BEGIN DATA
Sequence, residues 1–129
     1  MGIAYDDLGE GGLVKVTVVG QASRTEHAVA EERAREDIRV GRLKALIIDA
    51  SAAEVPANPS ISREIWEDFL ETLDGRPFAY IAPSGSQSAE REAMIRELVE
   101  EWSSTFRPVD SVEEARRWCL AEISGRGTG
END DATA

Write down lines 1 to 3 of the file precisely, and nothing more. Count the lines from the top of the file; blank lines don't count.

Sequence, residues 1–129
     1  MGIAYDDLGE GGLVKVTVVG QASRTEHAVA EERAREDIRV GRLKALIIDA
    51  SAAEVPANPS ISREIWEDFL ETLDGRPFAY IAPSGSQSAE REAMIRELVE